Step 3: The construction. All of the permits filed for, fees paid, materials bought. So construction began. It was amazing watching Amy monitor the progress. Like a child watching their father put together a swing set. You simply couldn’t get done fast enough so they could play. She was so excited to get in there, even when it was just a big hole in the ground.
Meanwhile, I’m now ordering all of those commercial appliances, sinks, baking racks, etc. I think I was personally responsible for a noticeable spike in the price of stainless steel. A few tractor trailer deliveries later and we were in business.
I’ll spare you the trials and tribulations like needing to get the refrigerator repaired as soon as it was placed in the kitchen. Or how I had to buy at least 3 spigots before everything lined up for the 3-basin sink. But it was all worth it.
The shop is done, she is beyond happy with it, and cookies are being baked as I type this. Now, for my next project, I’m thinking an underground disco in the front yard.
Call out for pizza.
Stock up on beer.
Nar a cookie
To be had ‘round here!
Toilet seat up?
It is, that’s right!
Not sharing the remote.
It’s sports all night!
Fart in the bed.
Hog all the covers.
A short vacation,
From the cookie lovers.
Shower? Not one.
Shave? I’ll be damned.
Not one sugar cookie
Throughout the land!
No talk of PMEs,
Or Sugarbelle’s blog.
Finally I’m clear
Of the cookie-talk fog!
But alas, I do miss her,
And her cookie cutter wishes.
But really what I miss
Is all the clean dishes.
It's that time of year again. Snow is on the ground, but love is in the air. We are but a mere couple of weeks away from Valentine’s Day, and gents, let’s not forget that special cookier in our lives. Think of how much she has enriched YOUR life with countless stops at Hobby Lobby, Michael’s and A.C. Moore. Think of how much better a person you are for knowing every detail of every cookier she can find on the web. I know I am….
Valentine’s Day is a chance to pay her back. Get those credit cards warmed up, it’s time for some hard core gift buying. As per usual, I’m here to help you fellas out with this. Most of you don’t like to shop. Unless it’s at Lowe’s or Bass Pro Shops. And while there are no doubt things at both of these fine retail establishments that your confectionery mistress would enjoy, we need to think bigger picture. By the way, she really did find cookie cutters at Bass Pro Shop.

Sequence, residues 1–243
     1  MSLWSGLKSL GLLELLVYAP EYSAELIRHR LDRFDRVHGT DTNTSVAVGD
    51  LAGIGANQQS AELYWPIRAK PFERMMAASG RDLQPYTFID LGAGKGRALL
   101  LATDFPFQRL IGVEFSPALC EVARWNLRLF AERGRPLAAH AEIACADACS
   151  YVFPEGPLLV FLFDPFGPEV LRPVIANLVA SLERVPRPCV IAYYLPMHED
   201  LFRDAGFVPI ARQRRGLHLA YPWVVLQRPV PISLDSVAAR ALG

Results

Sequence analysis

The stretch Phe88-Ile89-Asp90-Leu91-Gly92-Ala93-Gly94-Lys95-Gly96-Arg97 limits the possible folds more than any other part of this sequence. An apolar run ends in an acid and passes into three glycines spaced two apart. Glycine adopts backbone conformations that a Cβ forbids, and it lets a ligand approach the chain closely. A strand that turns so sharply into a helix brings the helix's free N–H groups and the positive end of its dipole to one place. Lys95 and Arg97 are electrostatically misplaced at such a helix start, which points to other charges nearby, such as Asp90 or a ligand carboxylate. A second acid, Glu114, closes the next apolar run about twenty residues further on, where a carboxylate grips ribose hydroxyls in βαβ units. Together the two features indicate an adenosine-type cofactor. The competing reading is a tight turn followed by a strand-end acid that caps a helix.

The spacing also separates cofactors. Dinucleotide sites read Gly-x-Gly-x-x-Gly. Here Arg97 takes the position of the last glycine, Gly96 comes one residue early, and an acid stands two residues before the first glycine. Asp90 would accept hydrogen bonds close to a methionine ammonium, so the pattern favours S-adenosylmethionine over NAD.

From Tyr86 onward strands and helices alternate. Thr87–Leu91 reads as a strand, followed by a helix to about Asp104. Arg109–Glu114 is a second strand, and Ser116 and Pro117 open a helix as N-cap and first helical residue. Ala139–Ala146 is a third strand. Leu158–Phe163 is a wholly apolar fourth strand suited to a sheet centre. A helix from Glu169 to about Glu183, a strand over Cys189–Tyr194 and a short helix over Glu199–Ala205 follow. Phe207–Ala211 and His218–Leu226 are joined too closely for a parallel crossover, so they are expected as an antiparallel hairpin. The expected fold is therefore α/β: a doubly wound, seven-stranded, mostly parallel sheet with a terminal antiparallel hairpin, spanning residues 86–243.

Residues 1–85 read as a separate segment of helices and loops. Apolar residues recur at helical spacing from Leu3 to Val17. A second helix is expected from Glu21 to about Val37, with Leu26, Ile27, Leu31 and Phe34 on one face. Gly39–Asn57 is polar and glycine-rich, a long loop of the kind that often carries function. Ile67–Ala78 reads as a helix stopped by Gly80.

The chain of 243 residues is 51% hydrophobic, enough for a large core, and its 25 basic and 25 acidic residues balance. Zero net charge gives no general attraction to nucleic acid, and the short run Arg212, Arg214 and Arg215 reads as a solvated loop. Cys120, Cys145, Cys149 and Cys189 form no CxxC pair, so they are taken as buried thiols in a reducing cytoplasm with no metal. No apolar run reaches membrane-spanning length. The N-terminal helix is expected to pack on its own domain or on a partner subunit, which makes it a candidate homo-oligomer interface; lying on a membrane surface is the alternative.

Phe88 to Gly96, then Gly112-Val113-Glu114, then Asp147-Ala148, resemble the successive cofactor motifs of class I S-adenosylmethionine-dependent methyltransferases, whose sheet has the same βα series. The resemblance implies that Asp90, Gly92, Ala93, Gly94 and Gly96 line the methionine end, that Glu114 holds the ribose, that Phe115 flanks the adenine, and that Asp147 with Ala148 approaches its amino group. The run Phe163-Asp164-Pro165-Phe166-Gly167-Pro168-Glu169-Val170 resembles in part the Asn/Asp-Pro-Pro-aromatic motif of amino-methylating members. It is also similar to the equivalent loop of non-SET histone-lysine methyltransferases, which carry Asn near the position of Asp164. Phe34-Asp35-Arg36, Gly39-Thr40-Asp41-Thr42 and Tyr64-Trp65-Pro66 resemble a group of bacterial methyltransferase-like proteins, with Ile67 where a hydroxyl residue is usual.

Ok, you there, looking on Amazon at the vacuum cleaners, stop right now. I need for you to pay special attention, and quite frankly, YOU need YOU to pay special attention. Gentlemen, for this upcoming gift giving foray, we need to be thinking of precious metals. Oh how those gals will be delighted opening the box and seeing that shining, shimmering goodness that really is a girl’s best friend. Wait, what? Jewelry? Heck no.
The metals I’m talking about are stainless steel, aluminum, copper and tin. Stop, stay with me. Don’t switch back over to ESPN.com. I’m here for you, not me.
There are A LOT of products that your cookier will squeal for made from this space-aged alloy. Kitchen-Aid mixing bowls, commercial kitchen tables, shelving units, sinks and a full assortment of appliances.
Do you only have one screwdriver? No? Didn’t think so, so you already know the value of having spares and extras of the things you use every day.
Lest we not forget PME decorating tips. These stainless steel babies are produced in England and are the crown jewels of the decorating tip world. You can't get them in the average craft store- you have to order them online, and they're not cheap. Sure, there are other brands like Wilton and Ateco, but PME is top notch Who doesn’t like a great set of tips?
From baking sheets to bun racks, it’s not just for holding your Coors Light. Aluminum dissipates heat well, is non-ferrous and is light and less expensive than many other metals. Get to know this one. And for an extra chuckle, ask someone from the UK to pronounce it. Amy's favorite baking sheets are from Sam's Club, and the full sheet rack is from The WEBstraurant Store.
Some of the most beautiful cookie cutters (and most expensive) you’ll ever see are made from copper. Copper products are typically NSF approved and frankly, are just a wonderful hue that compliments the other metals well. What? I can’t appreciate a nice set of colors? Ahem. Also, mixing bowls and copper pots can be used for many other sweet treats.
Tin is a very common metal used for cookie cutters. Foose and American Tradition are great names in the tin and tin-plated steel cookie cutter industry- and they're made right in Pennsylvania! These cookie cutters give her kitchen the shiny, blinding quality we’ve all come to expect.
Still wanting gold and silver?
Have no fear! Luster dusts, sheen airbrush colors, and even dragees come in those metallic gold and silvers you know she'll love. What's a dragee? That's fancy baker talk for those little BB looking things that bakers put on cookies and cakes. They have REAL silver in them, so don't eat them.
OK guys, you’ve done great staying with me thus far. So I’ll throw you a bone. Here is a cookie decorating gift that you can go get from Lowe’s or Home Depot. Go to the roofing area and pick your baker up a roll of aluminum flashing and a pair of snips. This material can be cut into strips and you can form this into a custom shaped cutter if you’re so inclined. Plus, you can pick up that band saw that you’ve had your eye on.
So fellas, shop early and don’t end up on the couch, again. And for once, don’t make her return what you bought her and get what she wants. You can do it. I have faith.
Which cookie gift do you think YOUR cookier would love the most?
So today’s installment will be a peek into my world. My world as a cookie widower. My darling wife may not realize that the events I’m about to portray take place, even though she is directly responsible for all of them.
My wife is an amazing cookie artist. And I’m amazed at the final product every. single. time. But the sweet reality (see what I did there, I throw the puns in for free folks) is that I see every cookie she does in at least 5 stages, sometimes more, rarely less.